↓ ↓ ↓ PIN IT ↓ ↓ ↓ 

My signature quilt will become a cherished heirloom that reflects the fellowship and bonds of my family for years to come. Have you ever made a signature quilt or plan to make one? Drop a comment below and share about your project.

If you’d like to make a memory quilt with photos printed on fabric, here’s a free photo quilt tutorial you can check out.

Happy quilting!

Stay connected to Fat Quarter Shop!


  1. Your quilt is a treasure! My family also had a reunion every Mother’s Day weekend for many years. Oh how I wish I had done one but didn’t quilt back then. Now most have passed on. Please do it while you have the opportunity!

  2. My family has actually gotten smaller. I would have loved to get my grandparents and great- grandparents’ signatures. I was blessed to have grown up with them, so at least I have precious memories. Thank you for sharing.

  3. The 50th wedding anniversary signature quilt I made was a huge success. My folks were in Florida & many of their GM retiree friends were there, too. Some drew small pictures, wrote a few short poems or: “Remember when…” memories. They were married in 1946; Dad died in 2018, mom’s still here in 2023 @ 96.5 years young. She enjoys re-visitung it, occasionally. There are photos transferred onto off- white fabric, in Black & White. My now grown neices & nephews were but toddlers…Fun to design & lovingly tied this quilt. Had placed a B&W copied photo of their wedding party in the center & placed a similar photo, transferred onto the same fabric, centered on a cotton, drawstring bag, where the quilt is stored.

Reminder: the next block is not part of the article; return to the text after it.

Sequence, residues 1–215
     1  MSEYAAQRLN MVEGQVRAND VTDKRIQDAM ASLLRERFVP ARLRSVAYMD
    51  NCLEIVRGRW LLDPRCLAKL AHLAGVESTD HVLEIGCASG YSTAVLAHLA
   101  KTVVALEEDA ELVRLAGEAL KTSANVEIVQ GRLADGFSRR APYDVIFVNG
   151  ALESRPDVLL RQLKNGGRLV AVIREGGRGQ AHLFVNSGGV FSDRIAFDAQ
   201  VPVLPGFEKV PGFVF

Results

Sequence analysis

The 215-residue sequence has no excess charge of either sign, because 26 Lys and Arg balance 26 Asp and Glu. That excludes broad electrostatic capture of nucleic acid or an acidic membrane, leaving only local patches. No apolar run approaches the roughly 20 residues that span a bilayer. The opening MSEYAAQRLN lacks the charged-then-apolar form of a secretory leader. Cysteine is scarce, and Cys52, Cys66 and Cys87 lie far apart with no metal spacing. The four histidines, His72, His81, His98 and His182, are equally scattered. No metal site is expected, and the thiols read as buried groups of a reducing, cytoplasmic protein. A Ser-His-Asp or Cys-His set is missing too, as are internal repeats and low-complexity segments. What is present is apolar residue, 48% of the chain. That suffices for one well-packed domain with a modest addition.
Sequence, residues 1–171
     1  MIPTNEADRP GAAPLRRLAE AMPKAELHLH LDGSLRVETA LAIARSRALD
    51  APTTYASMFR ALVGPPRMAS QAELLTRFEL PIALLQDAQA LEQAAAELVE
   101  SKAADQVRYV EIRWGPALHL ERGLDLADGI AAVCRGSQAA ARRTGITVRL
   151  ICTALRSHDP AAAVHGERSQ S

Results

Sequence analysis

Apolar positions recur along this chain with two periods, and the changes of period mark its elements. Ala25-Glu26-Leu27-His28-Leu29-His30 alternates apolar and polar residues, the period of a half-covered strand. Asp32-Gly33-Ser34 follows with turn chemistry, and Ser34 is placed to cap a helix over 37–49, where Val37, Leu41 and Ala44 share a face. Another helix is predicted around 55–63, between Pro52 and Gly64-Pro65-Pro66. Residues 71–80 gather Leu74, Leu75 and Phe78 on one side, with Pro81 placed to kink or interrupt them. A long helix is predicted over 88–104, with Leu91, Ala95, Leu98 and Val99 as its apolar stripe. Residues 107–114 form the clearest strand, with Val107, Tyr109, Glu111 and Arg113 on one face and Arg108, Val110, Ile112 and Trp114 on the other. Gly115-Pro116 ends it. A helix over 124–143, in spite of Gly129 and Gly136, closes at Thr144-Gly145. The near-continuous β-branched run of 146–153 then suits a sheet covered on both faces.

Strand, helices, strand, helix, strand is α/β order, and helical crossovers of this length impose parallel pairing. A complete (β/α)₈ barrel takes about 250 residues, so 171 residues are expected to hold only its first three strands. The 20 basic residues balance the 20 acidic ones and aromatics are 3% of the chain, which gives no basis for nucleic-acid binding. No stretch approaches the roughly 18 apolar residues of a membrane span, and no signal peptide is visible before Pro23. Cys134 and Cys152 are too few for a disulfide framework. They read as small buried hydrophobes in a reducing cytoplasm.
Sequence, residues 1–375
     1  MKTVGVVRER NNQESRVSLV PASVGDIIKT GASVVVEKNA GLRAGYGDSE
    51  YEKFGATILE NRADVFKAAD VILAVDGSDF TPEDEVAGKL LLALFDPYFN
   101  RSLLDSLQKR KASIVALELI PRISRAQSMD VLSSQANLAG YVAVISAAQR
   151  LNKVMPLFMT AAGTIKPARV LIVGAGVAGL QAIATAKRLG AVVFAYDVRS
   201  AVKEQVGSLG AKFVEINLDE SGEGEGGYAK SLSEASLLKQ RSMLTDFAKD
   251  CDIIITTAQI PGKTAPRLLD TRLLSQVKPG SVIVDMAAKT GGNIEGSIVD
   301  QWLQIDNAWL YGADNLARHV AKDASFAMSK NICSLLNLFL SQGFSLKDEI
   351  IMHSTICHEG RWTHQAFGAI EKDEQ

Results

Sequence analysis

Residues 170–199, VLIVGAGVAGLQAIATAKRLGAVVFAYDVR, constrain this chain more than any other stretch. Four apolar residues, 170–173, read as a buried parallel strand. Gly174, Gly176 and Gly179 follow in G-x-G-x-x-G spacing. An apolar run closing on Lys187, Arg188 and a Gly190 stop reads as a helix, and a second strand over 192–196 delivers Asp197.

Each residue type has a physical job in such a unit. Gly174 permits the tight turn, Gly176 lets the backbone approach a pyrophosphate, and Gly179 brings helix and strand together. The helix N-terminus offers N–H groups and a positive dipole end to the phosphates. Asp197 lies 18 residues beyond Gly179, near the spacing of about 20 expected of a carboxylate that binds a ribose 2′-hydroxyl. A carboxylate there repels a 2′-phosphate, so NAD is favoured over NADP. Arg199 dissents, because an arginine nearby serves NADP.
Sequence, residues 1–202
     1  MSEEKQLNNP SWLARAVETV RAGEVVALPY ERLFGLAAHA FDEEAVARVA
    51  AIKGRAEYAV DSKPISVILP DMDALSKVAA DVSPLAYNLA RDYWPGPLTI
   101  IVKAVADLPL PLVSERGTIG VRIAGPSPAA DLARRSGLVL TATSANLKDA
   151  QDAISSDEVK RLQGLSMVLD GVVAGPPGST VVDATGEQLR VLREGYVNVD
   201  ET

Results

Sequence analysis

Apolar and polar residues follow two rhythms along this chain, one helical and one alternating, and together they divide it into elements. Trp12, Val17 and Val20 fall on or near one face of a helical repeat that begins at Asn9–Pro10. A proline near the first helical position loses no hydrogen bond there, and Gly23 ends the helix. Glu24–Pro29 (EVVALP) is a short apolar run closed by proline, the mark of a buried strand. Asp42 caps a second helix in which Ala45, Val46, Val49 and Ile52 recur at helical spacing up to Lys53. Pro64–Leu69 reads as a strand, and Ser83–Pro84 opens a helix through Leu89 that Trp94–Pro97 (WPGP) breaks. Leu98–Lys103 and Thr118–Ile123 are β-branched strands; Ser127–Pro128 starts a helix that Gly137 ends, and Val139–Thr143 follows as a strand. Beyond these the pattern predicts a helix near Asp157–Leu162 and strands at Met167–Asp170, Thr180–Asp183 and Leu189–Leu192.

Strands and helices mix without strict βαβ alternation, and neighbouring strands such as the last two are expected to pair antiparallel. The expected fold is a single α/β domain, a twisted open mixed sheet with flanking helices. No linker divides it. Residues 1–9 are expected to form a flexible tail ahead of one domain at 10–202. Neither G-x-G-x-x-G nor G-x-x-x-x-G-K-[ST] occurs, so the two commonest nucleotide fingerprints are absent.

4. I made a quilt just like this for my daughter’s wedding. Everyone thought it was a really great idea. My long arm quilter said she had a fun time reading what everyone wrote. as she was quilting it. My daughter and her husband loved it.

  5. We just had a big family gathering for my Mom’s 90th in October…. Wish I knew about this then. It’s wonderful.

  6. This is such a a wonderful idea. I never heard of a signature block. I have a 2 porcelain jolly bars and plan on making one just for fun. Thank ou for sharing this.

  7. I have 2 tablecloths, one made by me and one by my mom. We would all sign in pencil for holidays, and on the kids birthdays we would trace their hand and then have everyone sign.
    Afterwards all was embroidered to preserve the signatures and the memories.
    They are both so precious as the older generation has passed and all my kids are now grown and starting their own families.
    Everyone loves to see them when they are brought out.
    I love the idea of a quilt that could be given to each.

  8. Since seeing this post, I can’t stop thinking about this. We are having a family Thanksgiving with all the family that can come this coming weekend. I am going to start one. Some of the younger cousins haven’t met before. So excited to do this. Thank you so much for the inspiration and instructions.

  9. I’d have a bunch of people asking, “So who gets to keep the quilt?” Well, I DO — it was my idea and I made it! Yes, they would all be lining up for free quilts … Yours is gorgeous!